CHARLOTTE, NC – Kyle Busch has always spoken his mind, and nothing was different at the Charlotte Motor Speedway Media Tour on Tuesday. He is bothered by the so-called youth movement and the attention it keeps getting in the media and the promotion it gets from the sanctioning body.
“It is bothersome, Busch responded. “We’ve paid our dues, and our sponsors have and everything else, and all you’re doing is advertising all these younger guys for fans to figure out and pick up on and choose as their favorite driver. I think it’s stupid. But I don’t know, I’m not the marketing genius that’s behind this deal.
“You know, I just do what I can do, and my part of it is what my part is. I guess one thing that can be said is probably the younger guys are bullied into doing more things than the older guys are because we say no a lot more because we’ve been there, done that and have families, things like that, and want to spend as much time as we can at home. You know, maybe that’s some of it. But you know, it’s ‑‑ some of these marketing campaigns and things like that, pushing these younger drivers, is I wouldn’t say all that fair.”
Will the Joe Gibbs Racing Toyotas be as good as last year? Busch responded in the affirmative.
“I don’t think we would be any worse. I would like to think we’d be better,” Busch said. “We kind of started out the season a little bit on the slower side, if you will, last year with our new car. We were kind of behind the 8‑ball a little bit maybe, and as the season kind of progressed, we learned what things our car liked and what we needed to do in order to make ourselves better and more competitive, and we were able to do those things and got it to where we were pretty fast there obviously and peaked later in the season. Hopefully, we can start out our year this year a little stronger than we did last year.”
“I definitely feel as though we matched them ( Furniture Row Racing and Martin Truex, Jr.’s No. 78) at Homestead. You know, I’d say that we were actually a little bit better than they were at Homestead, and that’s what makes Homestead so painful is you can be a guy who wins 35 races out of the year, and then that 36th race you can finish second and lose the championship. We thought we had the opportunity to put the 78 bunch in that situation but just wasn’t quite able to pull it all off there at the end of the Homestead race. You know, that was kind of painful for us. Feels like a letdown and having the opportunity to be able to win that race, we were right there, we were real close, but wasn’t able to get it done. Other racetracks, you know, they kind of ‑‑ I feel like they’ve even gotten better at some of their weaker tracks, like Martinsville, for instance, they had a shot to win at Martinsville. They weren’t quite as good as us, but they were right there all day. Loudon, now they’re really good at. Phoenix they’re pretty good at. They outran us at Phoenix. Anywhere you look, they’re obviously really good.”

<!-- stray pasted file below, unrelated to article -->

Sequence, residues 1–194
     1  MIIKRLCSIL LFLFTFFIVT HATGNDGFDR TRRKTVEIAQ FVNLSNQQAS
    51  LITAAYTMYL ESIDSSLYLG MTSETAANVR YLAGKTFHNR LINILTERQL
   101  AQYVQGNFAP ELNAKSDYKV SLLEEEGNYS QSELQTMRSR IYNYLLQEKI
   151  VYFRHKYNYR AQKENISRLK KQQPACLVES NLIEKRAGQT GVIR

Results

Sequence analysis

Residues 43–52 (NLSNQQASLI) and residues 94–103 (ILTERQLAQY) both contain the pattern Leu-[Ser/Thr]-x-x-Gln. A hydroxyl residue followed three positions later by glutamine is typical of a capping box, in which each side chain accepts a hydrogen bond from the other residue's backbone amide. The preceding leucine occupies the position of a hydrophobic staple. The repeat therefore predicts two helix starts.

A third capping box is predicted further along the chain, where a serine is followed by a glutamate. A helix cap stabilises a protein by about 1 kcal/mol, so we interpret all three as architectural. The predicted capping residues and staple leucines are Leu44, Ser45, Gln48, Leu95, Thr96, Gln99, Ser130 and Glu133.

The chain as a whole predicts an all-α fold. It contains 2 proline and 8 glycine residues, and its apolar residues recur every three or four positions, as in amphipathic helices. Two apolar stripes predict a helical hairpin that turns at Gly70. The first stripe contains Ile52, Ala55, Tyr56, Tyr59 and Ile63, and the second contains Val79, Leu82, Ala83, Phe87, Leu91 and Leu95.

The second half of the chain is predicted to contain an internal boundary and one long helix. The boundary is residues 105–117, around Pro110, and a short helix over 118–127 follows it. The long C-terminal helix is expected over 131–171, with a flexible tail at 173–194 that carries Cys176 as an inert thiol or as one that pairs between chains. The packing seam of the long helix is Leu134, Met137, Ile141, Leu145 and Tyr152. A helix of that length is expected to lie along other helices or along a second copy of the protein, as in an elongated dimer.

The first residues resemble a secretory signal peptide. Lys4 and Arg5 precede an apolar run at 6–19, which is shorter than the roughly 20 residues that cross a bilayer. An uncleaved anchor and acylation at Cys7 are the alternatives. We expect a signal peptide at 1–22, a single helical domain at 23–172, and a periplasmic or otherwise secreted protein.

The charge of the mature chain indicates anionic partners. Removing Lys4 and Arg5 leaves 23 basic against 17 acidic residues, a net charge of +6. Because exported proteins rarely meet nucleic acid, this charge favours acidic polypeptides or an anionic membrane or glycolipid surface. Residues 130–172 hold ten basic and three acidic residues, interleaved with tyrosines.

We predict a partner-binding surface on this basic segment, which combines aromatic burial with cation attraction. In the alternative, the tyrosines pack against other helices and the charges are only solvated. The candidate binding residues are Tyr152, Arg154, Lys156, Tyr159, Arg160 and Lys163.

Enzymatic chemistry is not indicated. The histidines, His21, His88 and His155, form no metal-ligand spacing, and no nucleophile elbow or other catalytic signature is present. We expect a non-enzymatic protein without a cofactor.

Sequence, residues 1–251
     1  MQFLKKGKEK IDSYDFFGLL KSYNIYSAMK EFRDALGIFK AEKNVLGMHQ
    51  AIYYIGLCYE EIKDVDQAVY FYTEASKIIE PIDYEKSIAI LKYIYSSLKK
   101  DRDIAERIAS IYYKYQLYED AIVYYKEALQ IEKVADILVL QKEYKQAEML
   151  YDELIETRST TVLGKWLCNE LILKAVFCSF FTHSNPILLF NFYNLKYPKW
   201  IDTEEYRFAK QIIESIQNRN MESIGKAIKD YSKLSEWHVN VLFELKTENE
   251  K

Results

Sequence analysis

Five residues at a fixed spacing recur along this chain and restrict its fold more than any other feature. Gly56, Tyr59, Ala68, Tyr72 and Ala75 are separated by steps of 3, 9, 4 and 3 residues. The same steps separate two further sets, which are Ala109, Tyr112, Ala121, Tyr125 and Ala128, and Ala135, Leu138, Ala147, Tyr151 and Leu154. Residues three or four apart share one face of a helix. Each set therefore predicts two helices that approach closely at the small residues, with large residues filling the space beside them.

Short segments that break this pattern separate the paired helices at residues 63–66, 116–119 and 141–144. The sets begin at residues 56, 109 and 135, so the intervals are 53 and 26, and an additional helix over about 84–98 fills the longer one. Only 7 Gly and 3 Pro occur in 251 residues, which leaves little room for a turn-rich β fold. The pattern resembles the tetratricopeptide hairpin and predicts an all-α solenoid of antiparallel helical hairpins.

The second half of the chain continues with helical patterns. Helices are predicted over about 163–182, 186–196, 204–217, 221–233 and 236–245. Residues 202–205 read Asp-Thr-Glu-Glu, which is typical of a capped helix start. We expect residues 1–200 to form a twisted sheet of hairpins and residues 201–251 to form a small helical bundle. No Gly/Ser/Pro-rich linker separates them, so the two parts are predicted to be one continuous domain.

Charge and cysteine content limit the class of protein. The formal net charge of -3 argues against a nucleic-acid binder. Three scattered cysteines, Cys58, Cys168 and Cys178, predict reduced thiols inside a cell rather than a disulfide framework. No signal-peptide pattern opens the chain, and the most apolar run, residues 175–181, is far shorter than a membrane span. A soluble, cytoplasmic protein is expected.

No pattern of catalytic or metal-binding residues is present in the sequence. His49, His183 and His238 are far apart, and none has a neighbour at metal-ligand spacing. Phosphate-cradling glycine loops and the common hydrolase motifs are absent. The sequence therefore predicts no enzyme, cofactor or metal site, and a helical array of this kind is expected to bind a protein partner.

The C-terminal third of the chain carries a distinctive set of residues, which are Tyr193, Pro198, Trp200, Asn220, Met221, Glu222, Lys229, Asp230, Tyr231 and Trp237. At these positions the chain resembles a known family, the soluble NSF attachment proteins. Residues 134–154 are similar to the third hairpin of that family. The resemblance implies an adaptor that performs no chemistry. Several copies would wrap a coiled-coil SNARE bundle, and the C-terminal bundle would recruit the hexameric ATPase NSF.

Now that Busch is the longest serving driver at JGR, he looks at the opportunity of being the mentor to younger drivers.
“Yeah, obviously it’s a unique opportunity for me being one of the elder statesmen, if you will, of the sport, let alone Joe Gibbs Racing, and being able to kind of lead our younger guys, if you will, Erik and Daniel,” said Busch. “Those guys have come through Kyle Busch Motorsports, so it’s been fun to watch them progress through the years with the Truck Series, the XFINITY Series, and now being into the Monster Energy NASCAR Cup Series. I’m looking forward to working with them and continuing to see their progress, but also hopefully being able to continue to be one of the leadership guys at our team and being able to race on for championships for years to come.”